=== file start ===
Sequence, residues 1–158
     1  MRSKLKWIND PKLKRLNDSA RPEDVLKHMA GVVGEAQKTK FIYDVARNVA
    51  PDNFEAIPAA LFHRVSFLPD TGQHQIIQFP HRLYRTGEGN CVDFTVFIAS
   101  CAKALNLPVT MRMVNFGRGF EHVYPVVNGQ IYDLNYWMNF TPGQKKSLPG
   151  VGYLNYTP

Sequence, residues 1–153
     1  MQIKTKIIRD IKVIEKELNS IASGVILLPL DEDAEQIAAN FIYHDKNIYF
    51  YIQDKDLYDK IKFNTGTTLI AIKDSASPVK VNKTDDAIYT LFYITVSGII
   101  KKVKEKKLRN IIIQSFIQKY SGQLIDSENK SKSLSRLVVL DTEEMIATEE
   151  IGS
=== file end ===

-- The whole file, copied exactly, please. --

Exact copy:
Sequence, residues 1–158
     1  MRSKLKWIND PKLKRLNDSA RPEDVLKHMA GVVGEAQKTK FIYDVARNVA
    51  PDNFEAIPAA LFHRVSFLPD TGQHQIIQFP HRLYRTGEGN CVDFTVFIAS
   101  CAKALNLPVT MRMVNFGRGF EHVYPVVNGQ IYDLNYWMNF TPGQKKSLPG
   151  VGYLNYTP

Sequence, residues 1–153
     1  MQIKTKIIRD IKVIEKELNS IASGVILLPL DEDAEQIAAN FIYHDKNIYF
    51  YIQDKDLYDK IKFNTGTTLI AIKDSASPVK VNKTDDAIYT LFYITVSGII
   101  KKVKEKKLRN IIIQSFIQKY SGQLIDSENK SKSLSRLVVL DTEEMIATEE
   151  IGS